I have been asked by several of our readers to explain exactly what a compounding pharmacy is. Traditionally, compounding has been a pharmacy practice in which a pharmacist alters, mixes or recombines ingredients to make a drug that meets the special needs of a patient with a physician’s prescription. But in recent decades, a number of compounding operations have grown to resemble full-scale manufacturing firms without meeting FDA standards. That was never the intended purpose of compounding by pharmacists.
I have also been asked why the government hasn’t done a better job of regulation of this industry. The U.S. Food and Drug Administration’s power to regulate compounded drugs is legally nonbinding and lacks the authority of stringent standards imposed on drug manufacturers. That was the conclusion of a Congressional report compiled by the staff of Rep. Edward Markey (D-Mass.). It’s now quite obvious that very little control has been in place of this growing industry.
The release of the report drew an immediate response from FDA Commissioner Margaret Hamburg, who said the agency is committed to working with Congress and others to garner “the authority we need to help prevent tragedies like this from happening again.” The Commissioner said in a statement:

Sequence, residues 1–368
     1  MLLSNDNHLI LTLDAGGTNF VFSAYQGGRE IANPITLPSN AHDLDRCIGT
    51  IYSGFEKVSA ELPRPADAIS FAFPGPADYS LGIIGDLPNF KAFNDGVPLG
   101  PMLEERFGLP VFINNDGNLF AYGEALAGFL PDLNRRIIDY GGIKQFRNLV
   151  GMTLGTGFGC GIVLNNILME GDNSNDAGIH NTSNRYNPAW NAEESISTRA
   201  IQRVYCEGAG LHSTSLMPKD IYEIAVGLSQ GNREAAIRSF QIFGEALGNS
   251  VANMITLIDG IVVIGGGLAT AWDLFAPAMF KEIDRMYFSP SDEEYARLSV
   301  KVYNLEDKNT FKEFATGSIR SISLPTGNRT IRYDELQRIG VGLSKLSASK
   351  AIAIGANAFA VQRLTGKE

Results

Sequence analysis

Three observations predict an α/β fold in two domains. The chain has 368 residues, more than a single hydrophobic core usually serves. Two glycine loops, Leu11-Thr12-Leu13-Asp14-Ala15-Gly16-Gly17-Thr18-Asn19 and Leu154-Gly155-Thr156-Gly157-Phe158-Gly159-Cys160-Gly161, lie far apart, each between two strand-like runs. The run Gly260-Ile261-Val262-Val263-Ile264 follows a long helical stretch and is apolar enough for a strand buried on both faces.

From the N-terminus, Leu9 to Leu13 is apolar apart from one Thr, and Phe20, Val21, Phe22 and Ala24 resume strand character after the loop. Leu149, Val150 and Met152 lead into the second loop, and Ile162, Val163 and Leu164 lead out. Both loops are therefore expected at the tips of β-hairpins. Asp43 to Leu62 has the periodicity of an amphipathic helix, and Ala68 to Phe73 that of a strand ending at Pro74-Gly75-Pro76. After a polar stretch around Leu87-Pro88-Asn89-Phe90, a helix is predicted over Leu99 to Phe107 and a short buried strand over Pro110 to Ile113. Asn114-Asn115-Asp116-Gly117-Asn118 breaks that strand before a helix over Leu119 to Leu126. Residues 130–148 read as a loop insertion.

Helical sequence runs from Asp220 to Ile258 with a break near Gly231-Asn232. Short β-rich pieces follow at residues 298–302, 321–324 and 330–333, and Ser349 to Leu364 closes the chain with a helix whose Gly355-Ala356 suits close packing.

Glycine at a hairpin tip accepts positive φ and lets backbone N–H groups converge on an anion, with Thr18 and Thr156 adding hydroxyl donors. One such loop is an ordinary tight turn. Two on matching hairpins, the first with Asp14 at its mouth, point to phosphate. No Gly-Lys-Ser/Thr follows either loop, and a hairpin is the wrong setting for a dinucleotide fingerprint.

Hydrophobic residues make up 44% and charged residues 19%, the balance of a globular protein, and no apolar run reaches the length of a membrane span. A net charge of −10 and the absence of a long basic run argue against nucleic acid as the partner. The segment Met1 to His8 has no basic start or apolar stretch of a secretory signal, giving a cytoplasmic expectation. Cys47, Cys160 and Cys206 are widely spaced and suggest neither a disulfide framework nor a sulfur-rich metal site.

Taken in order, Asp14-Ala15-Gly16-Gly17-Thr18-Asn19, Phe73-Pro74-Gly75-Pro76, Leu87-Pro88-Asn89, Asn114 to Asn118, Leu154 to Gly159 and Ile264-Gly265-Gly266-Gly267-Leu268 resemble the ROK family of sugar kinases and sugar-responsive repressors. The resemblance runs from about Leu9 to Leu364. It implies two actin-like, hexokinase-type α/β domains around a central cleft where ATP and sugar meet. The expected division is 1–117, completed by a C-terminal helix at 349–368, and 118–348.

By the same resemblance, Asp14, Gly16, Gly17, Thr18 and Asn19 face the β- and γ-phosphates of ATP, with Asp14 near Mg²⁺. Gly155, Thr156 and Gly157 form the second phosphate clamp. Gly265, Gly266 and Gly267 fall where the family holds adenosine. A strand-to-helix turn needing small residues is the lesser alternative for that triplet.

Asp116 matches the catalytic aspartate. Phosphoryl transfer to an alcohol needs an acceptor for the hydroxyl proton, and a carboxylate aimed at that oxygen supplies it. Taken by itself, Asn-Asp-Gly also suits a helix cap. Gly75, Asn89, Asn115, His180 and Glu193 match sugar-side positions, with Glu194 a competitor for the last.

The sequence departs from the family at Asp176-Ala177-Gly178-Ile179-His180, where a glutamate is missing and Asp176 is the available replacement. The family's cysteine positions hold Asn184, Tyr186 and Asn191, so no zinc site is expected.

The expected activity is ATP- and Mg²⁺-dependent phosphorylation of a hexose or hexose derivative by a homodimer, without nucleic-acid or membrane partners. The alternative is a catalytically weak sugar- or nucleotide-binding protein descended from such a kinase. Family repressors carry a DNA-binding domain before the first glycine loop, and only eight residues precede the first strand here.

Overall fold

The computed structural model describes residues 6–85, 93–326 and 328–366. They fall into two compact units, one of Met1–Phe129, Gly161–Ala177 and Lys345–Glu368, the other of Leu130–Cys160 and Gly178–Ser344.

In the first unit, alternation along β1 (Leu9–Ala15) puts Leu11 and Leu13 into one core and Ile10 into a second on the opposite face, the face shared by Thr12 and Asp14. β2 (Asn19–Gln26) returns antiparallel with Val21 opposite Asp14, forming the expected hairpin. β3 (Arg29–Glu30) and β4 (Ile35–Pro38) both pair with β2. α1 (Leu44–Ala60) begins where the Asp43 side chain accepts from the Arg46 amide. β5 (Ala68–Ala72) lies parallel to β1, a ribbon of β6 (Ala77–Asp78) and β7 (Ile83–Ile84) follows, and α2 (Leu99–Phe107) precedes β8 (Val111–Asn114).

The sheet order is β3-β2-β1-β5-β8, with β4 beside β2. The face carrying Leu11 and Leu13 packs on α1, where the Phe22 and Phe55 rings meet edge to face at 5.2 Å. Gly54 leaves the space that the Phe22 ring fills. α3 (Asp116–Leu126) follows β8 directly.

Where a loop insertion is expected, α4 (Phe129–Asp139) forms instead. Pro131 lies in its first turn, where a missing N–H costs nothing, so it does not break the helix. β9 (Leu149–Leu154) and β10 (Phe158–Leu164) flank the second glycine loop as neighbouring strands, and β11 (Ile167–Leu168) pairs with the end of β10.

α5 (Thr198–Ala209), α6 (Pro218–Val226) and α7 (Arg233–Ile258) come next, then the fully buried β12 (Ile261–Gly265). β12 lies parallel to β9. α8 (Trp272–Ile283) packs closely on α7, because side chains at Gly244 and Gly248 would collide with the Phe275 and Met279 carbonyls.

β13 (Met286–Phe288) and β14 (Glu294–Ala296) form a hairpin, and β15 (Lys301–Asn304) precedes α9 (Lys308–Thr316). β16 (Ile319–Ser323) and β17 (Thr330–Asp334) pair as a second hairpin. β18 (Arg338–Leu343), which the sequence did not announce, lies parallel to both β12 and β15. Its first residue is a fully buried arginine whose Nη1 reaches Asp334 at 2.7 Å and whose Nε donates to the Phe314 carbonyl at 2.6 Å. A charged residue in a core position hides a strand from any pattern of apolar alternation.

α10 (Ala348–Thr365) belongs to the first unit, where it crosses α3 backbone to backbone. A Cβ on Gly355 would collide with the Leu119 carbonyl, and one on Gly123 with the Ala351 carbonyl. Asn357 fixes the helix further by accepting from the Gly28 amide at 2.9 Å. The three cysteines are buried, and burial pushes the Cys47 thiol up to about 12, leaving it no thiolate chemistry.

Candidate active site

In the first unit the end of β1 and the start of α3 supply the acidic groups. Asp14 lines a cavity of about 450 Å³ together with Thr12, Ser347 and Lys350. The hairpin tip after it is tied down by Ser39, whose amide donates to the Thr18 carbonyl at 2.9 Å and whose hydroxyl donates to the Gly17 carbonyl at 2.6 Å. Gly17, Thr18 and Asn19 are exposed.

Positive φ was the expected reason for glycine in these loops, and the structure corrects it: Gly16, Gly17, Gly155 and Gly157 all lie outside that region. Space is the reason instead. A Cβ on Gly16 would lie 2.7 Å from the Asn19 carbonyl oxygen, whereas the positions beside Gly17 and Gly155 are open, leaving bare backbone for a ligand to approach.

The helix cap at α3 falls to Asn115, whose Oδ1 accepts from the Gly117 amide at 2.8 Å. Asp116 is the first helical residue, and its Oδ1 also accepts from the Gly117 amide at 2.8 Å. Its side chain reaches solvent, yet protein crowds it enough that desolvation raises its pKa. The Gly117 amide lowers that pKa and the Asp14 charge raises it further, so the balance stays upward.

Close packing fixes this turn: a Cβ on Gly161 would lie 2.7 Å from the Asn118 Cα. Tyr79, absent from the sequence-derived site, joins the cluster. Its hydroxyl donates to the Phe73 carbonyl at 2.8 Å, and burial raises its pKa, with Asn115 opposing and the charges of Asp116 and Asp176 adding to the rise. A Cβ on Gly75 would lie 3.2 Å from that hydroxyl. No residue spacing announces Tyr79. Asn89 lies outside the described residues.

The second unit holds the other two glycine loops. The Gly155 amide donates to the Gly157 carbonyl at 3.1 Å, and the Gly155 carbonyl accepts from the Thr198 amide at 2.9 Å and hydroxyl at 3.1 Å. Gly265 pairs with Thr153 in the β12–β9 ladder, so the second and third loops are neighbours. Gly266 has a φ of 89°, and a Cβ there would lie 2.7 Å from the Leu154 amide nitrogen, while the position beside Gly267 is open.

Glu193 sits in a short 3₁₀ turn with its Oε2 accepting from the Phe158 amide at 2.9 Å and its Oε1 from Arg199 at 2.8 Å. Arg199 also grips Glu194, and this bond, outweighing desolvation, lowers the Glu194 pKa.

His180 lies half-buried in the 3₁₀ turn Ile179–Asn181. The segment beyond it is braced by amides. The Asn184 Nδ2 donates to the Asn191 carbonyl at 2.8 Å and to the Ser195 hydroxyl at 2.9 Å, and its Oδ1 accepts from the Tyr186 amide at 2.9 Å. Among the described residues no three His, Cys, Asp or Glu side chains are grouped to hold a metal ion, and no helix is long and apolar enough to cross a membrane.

Over the years, there has been substantial debate within Congress about the appropriate amount of FDA oversight and regulation of compounding pharmacies. But unfortunately, there has been a lack of consensus and many challenges from industry. As pointed out in the report from Congressman Markey, FDA’s authority over compounding pharmacies is more limited by statute than with drug manufacturers.
Congress should give the FDA new powers to oversee compounding pharmacies. Public Citizen has called on the Department of Health and Human Services to investigate the FDA on grounds that the agency failed to exercise its existing authority to prevent the very serious meningitis outbreak involving the New England Compounding Center. The FDA had issued a warning letter to NECC in 2006 describing potential health risks including microbial contamination. But there has been little evidence of a follow-up. Congressional investigators also say there is evidence that the FDA and state regulators knew of potential problems at NECC in 2002.
State governments, which are now the chief regulators of pharmacy compounding, cannot perform the kind of safety oversight necessary to prevent more drug-related outbreaks from occurring. The FDA has issued dozens of warning letters against compounding pharmacies since 2001. But the report said the agency has based its enforcement actions on relatively weak, nonbinding guidance documents since a 1997 law granting it oversight of “new drugs” was struck down in U.S. courts more than a decade ago in cases brought by compounders.
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